Fed. R. Civ. P. 15(c). *fn5" Although the language of Rule 15(c) does not explicitly govern the relation back of amendments changing or adding plaintiffs, the Advisory Committee Notes to the 1966 amendment to the rule state that "the attitude taken in revised Rule 15(c) toward change of defendants extends by analogy to amendments changing plaintiffs." Therefore, in order for claims by a new plaintiff to relate back to the original complaint, the amendment must relate to the same conduct, transaction, or occurrence described in the original complaint, the defendant must have had the requisite notice of the original action, and there must have been some mistake in the original pleading as to the proper party.

 The additional plaintiffs to this action, like the original plaintiffs, are limited partners in the Berg Harmon Partnerships. In Stoppelman v. Owens, 580 F. Supp. 944, 946 (D.D.C. 1983), the court found that where the original plaintiffs were limited partners alleging securities fraud by the defendants, the status of the original plaintiffs implied notice as to the existence of possible claims by other limited partners. The court concluded that "the purpose behind the statute of limitations, namely notice, is not defeated in this action by permitting the amended complaint to relate back [to the date the original complaint was filed]." Id. at 947. While this Court agrees that defendants in this action may be charged with notice of the existence of possible claims by other limited partners, notice in and of itself is insufficient to satisfy Rule 15(c).

 As Judge Sweet noted in Morin v. Trupin, 778 F. Supp. 711, 735 (S.D.N.Y. 1991), "Subsection (2) makes clear that Rule 15(c) does not exist merely to keep the door open for any tardy plaintiff of whom a defendant may be aware. Rather, Rule 15(c) stands as a device for adding a party who 'but for a mistake concerning the identity of the proper party' would have been named originally." There is no suggestion here that the additional plaintiffs would have been included in the original Complaint "but for" a mistake of identity. "Clearly the relation back rule was not designed to provide a means either to circumvent or to expand the limitations period." In re Allbrand Appliance & Television Co., Inc., 875 F.2d 1021, 1025 (2d Cir. 1989). Accordingly, the Court concludes that the criteria for relation back under Rule 15(c) have not been met, and the plaintiffs added in the July 2, 1991 and October 7, 1991 Complaints have no Section 10(b) claims to reinstate pursuant to Section 27A.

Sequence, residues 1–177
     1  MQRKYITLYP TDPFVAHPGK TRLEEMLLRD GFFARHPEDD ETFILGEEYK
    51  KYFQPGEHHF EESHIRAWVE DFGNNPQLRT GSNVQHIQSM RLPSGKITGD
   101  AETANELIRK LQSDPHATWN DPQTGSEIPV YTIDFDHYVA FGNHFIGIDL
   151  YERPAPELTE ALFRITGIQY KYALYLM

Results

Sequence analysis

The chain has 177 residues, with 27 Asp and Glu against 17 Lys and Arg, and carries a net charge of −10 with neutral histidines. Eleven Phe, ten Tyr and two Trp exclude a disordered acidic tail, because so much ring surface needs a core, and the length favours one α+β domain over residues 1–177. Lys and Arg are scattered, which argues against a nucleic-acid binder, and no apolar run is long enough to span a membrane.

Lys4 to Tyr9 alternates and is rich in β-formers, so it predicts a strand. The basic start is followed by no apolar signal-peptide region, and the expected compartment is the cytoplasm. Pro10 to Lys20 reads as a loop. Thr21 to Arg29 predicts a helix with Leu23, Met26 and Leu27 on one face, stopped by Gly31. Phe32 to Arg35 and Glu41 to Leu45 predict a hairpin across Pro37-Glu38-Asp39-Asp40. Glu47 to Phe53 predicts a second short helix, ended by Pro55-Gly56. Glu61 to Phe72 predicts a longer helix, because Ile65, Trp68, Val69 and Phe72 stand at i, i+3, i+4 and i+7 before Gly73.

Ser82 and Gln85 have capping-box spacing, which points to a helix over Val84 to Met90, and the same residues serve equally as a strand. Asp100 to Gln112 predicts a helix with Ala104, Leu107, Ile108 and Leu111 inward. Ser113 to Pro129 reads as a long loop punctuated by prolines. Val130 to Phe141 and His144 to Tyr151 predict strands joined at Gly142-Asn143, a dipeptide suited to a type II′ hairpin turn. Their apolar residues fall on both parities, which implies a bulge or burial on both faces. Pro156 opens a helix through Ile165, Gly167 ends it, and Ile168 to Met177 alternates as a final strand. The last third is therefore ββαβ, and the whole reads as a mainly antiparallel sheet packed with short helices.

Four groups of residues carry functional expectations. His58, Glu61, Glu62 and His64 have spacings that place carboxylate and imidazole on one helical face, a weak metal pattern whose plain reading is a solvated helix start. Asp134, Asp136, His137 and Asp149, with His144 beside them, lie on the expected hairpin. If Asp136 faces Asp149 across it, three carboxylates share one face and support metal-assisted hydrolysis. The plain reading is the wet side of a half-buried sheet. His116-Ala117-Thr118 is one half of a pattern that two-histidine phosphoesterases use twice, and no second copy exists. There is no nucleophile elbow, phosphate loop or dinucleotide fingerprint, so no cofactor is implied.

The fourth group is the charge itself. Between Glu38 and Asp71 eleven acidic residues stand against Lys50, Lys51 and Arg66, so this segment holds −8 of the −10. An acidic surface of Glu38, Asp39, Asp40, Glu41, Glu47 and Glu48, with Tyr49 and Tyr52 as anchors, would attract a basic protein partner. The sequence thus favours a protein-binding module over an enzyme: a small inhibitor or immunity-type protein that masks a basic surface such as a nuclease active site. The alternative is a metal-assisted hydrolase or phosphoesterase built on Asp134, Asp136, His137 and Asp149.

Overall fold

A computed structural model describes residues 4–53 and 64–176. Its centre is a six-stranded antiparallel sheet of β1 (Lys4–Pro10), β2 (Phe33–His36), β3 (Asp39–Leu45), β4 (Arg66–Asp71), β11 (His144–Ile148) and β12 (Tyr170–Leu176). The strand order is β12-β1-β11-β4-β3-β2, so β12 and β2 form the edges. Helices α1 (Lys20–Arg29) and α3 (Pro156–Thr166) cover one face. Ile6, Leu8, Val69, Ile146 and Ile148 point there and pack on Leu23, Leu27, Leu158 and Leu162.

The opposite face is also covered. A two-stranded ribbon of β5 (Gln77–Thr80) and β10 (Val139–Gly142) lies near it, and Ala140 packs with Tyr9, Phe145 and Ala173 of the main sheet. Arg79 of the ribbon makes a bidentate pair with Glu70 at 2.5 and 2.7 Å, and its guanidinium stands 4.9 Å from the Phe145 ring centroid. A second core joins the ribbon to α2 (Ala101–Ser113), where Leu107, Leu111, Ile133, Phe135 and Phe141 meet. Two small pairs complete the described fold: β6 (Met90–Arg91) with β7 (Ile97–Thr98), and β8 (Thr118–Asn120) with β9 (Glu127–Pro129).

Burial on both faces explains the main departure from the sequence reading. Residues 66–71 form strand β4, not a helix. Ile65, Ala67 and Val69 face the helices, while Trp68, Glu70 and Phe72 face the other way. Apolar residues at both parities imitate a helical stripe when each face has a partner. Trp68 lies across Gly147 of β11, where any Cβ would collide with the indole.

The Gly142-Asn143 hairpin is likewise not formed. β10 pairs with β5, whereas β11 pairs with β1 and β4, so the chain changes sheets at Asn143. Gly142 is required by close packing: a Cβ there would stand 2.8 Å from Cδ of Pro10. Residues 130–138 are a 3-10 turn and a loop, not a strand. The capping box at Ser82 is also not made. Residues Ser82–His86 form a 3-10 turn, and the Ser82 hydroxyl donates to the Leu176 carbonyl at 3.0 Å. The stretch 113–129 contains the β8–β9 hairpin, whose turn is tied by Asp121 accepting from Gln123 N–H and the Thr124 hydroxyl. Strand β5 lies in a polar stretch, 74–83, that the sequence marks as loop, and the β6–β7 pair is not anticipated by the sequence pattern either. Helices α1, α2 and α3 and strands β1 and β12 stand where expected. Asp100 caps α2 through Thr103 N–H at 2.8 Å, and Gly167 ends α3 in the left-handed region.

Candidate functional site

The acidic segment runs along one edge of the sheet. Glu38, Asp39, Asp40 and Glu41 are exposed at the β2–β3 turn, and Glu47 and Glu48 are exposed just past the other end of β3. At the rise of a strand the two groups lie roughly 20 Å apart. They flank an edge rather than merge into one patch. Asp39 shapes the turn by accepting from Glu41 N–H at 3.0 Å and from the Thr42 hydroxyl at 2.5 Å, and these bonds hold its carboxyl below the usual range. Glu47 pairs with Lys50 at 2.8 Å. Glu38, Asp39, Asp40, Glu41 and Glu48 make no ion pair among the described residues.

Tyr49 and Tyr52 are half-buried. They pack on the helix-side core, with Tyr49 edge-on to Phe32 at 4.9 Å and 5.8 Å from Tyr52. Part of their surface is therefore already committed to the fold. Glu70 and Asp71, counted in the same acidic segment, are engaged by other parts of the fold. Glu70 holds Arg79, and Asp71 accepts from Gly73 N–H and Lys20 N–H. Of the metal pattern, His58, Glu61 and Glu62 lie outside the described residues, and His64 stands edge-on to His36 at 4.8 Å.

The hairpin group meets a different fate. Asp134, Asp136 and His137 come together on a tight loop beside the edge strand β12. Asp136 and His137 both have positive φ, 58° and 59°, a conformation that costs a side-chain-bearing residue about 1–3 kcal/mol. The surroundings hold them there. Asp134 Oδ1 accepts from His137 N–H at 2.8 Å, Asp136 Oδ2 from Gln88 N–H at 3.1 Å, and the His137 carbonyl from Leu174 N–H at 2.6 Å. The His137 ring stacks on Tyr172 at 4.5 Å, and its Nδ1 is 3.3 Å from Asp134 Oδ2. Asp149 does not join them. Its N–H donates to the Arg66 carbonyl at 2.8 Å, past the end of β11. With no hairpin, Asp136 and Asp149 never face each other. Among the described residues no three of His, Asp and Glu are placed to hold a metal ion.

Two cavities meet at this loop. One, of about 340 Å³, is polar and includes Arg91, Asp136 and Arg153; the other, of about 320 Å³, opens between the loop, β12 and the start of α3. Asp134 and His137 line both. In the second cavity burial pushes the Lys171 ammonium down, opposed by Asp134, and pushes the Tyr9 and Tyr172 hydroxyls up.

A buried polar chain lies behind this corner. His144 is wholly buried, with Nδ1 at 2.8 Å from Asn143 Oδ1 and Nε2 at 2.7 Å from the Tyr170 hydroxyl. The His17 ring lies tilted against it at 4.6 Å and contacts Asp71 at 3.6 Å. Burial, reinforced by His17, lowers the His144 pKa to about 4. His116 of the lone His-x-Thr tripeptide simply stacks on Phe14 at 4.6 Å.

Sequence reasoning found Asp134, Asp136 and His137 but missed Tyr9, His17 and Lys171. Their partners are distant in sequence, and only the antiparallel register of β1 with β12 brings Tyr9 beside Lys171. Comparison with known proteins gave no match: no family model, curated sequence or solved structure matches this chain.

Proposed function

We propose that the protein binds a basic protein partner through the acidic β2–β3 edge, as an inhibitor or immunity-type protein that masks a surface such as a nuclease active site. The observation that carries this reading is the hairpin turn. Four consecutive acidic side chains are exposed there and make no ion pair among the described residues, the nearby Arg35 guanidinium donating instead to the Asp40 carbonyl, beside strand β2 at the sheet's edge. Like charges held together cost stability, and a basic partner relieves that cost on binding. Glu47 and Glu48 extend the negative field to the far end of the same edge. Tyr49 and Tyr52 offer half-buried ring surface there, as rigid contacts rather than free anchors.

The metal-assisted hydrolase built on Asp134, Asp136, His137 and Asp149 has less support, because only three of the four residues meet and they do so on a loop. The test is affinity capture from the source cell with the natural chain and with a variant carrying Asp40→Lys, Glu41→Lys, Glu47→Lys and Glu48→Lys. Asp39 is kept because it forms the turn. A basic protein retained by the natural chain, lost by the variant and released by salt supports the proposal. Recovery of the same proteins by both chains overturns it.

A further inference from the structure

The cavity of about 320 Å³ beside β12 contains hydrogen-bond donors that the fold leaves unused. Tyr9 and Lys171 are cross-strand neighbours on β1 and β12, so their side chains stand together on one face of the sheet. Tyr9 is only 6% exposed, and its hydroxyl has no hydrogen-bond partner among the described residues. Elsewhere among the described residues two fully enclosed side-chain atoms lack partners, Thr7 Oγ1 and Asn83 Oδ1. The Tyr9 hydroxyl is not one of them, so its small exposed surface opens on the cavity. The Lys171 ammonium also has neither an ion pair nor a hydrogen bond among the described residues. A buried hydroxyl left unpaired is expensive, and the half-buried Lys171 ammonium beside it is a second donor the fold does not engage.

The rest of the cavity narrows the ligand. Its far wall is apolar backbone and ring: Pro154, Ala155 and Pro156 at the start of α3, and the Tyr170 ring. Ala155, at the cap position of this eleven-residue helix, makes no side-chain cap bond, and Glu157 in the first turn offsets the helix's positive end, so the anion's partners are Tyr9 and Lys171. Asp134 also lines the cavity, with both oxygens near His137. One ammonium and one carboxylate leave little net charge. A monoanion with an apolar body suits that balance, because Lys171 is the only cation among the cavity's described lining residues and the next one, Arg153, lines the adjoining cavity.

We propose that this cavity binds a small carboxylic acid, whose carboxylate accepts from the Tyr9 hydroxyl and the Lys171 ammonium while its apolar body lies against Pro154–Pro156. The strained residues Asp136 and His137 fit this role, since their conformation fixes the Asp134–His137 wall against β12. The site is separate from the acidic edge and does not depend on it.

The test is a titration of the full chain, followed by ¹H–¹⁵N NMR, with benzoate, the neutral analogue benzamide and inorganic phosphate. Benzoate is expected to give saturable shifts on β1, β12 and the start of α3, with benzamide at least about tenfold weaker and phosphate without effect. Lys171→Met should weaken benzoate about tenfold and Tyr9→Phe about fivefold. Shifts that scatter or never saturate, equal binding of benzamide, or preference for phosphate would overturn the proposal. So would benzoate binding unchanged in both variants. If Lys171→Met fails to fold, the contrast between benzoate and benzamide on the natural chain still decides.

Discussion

2. Plaintiffs Residing in the Third Circuit

 Plaintiffs residing in the Third Circuit were subject to the one-year/three-year rule as of April 8, 1988, before the commencement of this suit. In re Data Access Systems Securities Litigation, 843 F.2d 1537 (3d Cir.), cert. denied, 488 U.S. 849, 109 S. Ct. 131, 102 L. Ed. 2d 103 (1988). Since this action was not filed until December 1989, more than three years after the latest partnership interest was purchased, such plaintiffs' Section 10(b) claims are time-barred whether or not this Court finds that the one-year/three-year rule announced by the Second Circuit in Ceres applies retroactively. See Ceres, 918 F.2d at 358-59 (applying Data Access to claims of New Jersey plaintiffs).

 3. The Remaining Plaintiffs

 In order to determine whether the remaining plaintiffs' claims should be reinstated pursuant to Section 27A, the Court must ascertain which limitations period, including principles of retroactivity, applied to plaintiffs' claims as of June 19, 1991.

 In Ceres Partners v. GEL Assocs., 918 F.2d 349 (2d Cir. 1990), the Court of Appeals for the Second Circuit joined the Third and the Seventh Circuits, see In re Data Access Systems Securities Litigation, 843 F.2d 1537 (3d Cir.), cert. denied, 488 U.S. 849, 109 S. Ct. 131, 102 L. Ed. 2d 103 (1988); Short v. Belleville Shoe Mfg. Co., 908 F.2d 1385 (7th Cir. 1990), cert. denied, 115 L. Ed. 2d 1052, 111 S. Ct. 2887 (1991), in adopting a uniform federal statute of limitations governing claims under Section 10(b) identical to the one eventually adopted by the Supreme Court in Lampf. Under the uniform rule, a Section 10(b) claim must be brought "one year after discovery of the conduct alleged to constitute the violation, but no more than three years after the occurrence of such conduct." Ceres, 918 F.2d at 359. As this Court has ruled, "the three-year period of repose acts as an absolute bar." Mekhjian v. Wollin, 782 F. Supp. 881, 886 (S.D.N.Y. 1992).

 The Ceres Court left open the question of whether the one-year/three-year rule applies retroactively to cases that were already pending at the time of its adoption. However, in Welch v. Cadre Capital, 923 F.2d 989 (2d Cir.) ("Welch I"), vacated and remanded sub nom., Northwest Savings Bank v. Welch, 115 L. Ed. 2d 1048, 111 S. Ct. 2882 (1991), the Second Circuit ruled that the new limitations period did not apply retroactively to bar the Welch complaint. See also Levine v. NL Indus., Inc., 926 F.2d 199, 201-02 & n. 1 (2d Cir. 1991). In reaching its determination in Welch I that Ceres should not be applied retroactively to bar plaintiffs' Exchange Act claims, the Court of Appeals applied the three-part test set forth in Chevron Oil Co. v. Huson, 404 U.S. 97, 30 L. Ed. 2d 296, 92 S. Ct. 349 (1971).

 The Court of Appeals explained the Chevron test as follows:

 To qualify for purely prospective application, a decision 'must establish a new principle of law, either by overruling clear past precedent on which litigants may have relied, . . . or by deciding an issue of first impression whose resolution was not clearly foreshadowed.' (citation omitted and footnote omitted). A court should then 'weigh' in each case whether retroactive application would conflict with the purposes of the rule and whether it would produce inequitable results.